But, with some adjustments, I can make my email quite fundamental. I can make it immediately take up the entire window, and I can fine-tune the typography to be somewhat larger, and have a bit more leading. The most discouraging part of ActiveCampaign’s rich full-screen editor is including images. Picture you’ve just typed out a great e-mail. View Active Campaign Automation Documentation.

You can’t simply add an image to a block of text. Rather, you have to produce 2 blocks of text: one for prior to the image, and one for after the image. If you’ve made any format modifications, you’ll have to keep an eye on those to remain consistent. That’s something to handle when you wish to add one image, however when you desire to add a number of, it becomes a big task.

They even have a basic mage editor where you can crop the image – View Active Campaign Automation Documentation. MailChimp’s editor is the best I have actually seen in all of the email marketing platforms I have actually tried. You have access to the underlying code, so you can develop a truly plain email, offered you make a standard template first.

View Active Campaign Automation Documentation

MailChimp’s integrated image editor is very powerful. You can resize, crop, and include customized text to your images. I miss MailChimp’s email-editing experience (View Active Campaign Automation Documentation). It would save me a little time to have that very same experience on ActiveCampaign. However the highly-customizable automations I can construct on ActiveCampaign more than offset that potential time cost savings.

ConvertKit’s email editing experience is very plain, but easy to browse. Their templates are limited, which is great with me, but their e-mail modifying experience is slightly easier in that you can produce inline images, and you can develop a totally plain e-mail, and even modify the underlying HTML. If you want to make some quick edits to some emails in an automation, with ActiveCampaign, it’s cumbersome.

I’ll click on an email, and it takes me to the editor for that email. Note that I can’t even Command + Click to open it in another tab. Whether they implied to or not, ActiveCampaign has handicapped Command + Click from the automation editor. If I wanted to change backward and forward between numerous emails, I would intuitively be inclined open the same automation in numerous tabs, then open the respective emails from each of those tabs.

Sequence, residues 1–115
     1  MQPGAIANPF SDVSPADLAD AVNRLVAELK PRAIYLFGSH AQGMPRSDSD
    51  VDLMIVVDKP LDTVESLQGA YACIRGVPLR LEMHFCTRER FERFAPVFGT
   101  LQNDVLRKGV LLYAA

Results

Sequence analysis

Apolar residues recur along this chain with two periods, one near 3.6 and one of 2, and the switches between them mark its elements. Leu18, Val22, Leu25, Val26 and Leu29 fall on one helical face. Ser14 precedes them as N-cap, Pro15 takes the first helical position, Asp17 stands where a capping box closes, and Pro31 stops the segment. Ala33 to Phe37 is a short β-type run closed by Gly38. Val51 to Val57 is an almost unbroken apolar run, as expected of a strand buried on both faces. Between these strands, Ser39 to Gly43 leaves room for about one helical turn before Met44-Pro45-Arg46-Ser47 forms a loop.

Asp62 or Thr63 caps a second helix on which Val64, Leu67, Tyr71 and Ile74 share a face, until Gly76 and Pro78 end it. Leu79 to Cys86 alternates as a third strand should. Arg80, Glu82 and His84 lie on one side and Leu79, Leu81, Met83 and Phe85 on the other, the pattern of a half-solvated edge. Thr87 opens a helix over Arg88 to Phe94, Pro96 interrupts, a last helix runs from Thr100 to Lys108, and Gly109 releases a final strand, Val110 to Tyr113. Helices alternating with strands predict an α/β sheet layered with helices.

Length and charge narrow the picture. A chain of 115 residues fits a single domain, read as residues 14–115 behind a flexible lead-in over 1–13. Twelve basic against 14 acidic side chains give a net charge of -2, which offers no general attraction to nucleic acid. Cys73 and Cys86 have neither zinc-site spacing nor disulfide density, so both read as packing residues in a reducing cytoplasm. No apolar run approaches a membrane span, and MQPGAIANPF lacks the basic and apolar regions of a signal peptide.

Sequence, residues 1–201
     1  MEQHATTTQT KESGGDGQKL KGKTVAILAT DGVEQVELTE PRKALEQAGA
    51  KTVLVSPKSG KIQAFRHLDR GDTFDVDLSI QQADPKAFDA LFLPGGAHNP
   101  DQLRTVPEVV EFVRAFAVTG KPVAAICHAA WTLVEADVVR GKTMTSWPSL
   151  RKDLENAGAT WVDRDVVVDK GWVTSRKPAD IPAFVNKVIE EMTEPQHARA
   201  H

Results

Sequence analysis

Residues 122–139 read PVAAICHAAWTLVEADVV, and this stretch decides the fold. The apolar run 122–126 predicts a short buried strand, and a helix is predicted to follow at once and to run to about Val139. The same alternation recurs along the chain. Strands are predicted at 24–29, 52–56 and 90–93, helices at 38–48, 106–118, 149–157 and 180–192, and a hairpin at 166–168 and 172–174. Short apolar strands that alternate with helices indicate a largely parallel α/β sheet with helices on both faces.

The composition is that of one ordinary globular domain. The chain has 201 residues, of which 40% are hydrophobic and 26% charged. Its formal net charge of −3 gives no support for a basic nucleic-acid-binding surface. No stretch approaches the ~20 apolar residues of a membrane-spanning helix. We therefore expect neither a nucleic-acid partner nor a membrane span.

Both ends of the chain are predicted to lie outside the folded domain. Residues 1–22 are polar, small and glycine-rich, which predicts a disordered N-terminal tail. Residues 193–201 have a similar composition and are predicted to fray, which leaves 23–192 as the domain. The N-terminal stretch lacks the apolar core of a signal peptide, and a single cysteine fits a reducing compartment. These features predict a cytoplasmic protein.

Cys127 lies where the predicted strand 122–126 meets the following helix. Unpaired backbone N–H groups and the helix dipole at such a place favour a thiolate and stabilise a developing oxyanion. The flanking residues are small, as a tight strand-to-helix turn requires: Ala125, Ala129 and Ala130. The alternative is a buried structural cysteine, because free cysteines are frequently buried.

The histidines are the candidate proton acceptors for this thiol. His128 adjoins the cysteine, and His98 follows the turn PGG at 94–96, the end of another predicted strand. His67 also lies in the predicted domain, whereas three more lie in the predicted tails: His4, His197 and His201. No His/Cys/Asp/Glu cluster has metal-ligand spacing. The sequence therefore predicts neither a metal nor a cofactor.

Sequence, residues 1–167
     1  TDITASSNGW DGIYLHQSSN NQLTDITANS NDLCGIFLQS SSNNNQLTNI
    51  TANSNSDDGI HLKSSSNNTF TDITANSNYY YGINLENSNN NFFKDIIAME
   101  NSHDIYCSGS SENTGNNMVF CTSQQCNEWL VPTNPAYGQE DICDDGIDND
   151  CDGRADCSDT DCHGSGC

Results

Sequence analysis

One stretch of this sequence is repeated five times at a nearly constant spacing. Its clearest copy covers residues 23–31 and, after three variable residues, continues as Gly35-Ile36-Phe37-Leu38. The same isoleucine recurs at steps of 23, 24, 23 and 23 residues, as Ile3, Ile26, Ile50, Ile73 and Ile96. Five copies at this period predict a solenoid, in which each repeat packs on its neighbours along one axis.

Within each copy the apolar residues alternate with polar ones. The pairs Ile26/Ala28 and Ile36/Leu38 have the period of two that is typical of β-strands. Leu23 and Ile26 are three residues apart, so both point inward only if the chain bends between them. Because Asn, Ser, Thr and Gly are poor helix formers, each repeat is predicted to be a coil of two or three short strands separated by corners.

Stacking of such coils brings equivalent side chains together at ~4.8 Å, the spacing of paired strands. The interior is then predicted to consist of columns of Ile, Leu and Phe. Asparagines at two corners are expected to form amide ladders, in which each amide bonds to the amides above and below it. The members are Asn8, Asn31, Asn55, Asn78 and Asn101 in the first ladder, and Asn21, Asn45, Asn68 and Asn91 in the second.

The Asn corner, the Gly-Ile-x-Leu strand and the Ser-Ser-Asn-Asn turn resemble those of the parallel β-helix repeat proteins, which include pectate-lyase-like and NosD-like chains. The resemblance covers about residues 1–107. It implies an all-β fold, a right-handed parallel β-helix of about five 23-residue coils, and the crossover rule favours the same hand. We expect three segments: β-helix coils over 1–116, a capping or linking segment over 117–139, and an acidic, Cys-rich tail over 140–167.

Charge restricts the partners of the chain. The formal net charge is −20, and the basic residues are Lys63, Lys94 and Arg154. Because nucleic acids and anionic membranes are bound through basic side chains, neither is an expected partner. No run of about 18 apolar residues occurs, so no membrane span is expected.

View Active Campaign Automation Documentation

In the Automations area, there’s a “Manage Messages” location. From here, you can see all of the messages in each of your automations. You can modify each one, or you can Command + Click to open each in a new tab to more quickly modify your entire sequence. View Active Campaign Automation Documentation. Contrast that with ConvertKit’s Series.

Again, it would conserve me a great deal of time to have ConvertKit’s automation e-mail modifying experience on ActiveCampaign – View Active Campaign Automation Documentation. But selecting an e-mail marketing platform resembles picking a spouse. ActiveCampaign makes up for it with their Message Variables, more robust automations, and advanced segmentation. Mentioning segmentation, another factor I switched from MailChimp to ActiveCampaign was that MailChimp has actually limited division alternatives.

You can integrate characteristics with an AND/OR operator, and you can blend and match those groups of traits with another AND/OR operator. With MailChimp, you can only sector by AND/OR, nevertheless MailChimp’s Pro strategy enables more sophisticated segmenting, for an extra $199 a month. In my search for the ideal e-mail marketing platform, I saw numerous others, some of which I have actually currently mentioned.

View Active Campaign Automation Documentation

ConvertKit. If I weren’t on ActiveCampaign, I would most likely be utilizing ConvertKit. Their automations are a lot easier to construct, though they aren’t as flexible as ActiveCampaign’s, and their segmentations choices aren’t as advanced either. They also do not have objective tracking, or Message Variables. MailChimp. You already know that I changed from MailChimp to ActiveCampaign.